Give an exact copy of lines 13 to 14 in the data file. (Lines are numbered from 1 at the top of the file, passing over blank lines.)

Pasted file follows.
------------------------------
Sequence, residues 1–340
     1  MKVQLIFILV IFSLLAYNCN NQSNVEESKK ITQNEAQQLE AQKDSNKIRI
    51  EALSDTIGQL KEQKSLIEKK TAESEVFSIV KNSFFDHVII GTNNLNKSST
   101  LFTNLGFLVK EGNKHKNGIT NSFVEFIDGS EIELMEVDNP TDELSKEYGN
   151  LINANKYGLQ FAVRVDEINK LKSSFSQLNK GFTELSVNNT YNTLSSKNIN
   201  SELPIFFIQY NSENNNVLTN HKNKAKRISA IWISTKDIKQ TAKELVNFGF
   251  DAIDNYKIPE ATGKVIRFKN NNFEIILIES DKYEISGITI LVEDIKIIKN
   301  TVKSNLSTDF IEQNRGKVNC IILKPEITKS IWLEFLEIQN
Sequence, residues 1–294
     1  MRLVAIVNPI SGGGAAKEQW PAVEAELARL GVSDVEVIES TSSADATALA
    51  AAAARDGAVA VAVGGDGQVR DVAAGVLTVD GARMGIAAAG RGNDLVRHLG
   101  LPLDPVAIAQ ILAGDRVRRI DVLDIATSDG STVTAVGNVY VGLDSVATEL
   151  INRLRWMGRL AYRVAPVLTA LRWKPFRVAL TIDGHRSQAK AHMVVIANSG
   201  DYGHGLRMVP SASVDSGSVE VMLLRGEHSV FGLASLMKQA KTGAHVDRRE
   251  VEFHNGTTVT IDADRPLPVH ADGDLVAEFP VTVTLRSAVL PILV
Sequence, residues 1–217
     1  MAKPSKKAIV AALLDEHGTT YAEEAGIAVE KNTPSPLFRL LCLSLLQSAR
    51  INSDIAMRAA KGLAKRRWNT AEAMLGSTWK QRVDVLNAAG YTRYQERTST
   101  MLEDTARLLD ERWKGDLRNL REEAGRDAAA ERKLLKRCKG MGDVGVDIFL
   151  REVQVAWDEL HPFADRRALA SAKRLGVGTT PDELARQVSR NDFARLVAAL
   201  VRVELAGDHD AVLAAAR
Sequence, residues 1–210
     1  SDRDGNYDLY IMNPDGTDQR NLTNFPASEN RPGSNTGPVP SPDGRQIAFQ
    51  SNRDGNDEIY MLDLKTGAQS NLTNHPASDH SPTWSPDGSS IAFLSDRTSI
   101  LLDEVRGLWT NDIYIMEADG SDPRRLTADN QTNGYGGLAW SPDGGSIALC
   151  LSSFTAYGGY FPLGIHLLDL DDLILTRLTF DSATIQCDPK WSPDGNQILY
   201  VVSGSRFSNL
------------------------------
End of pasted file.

   151  INRLRWMGRL AYRVAPVLTA LRWKPFRVAL TIDGHRSQAK AHMVVIANSG
   201  DYGHGLRMVP SASVDSGSVE VMLLRGEHSV FGLASLMKQA KTGAHVDRRE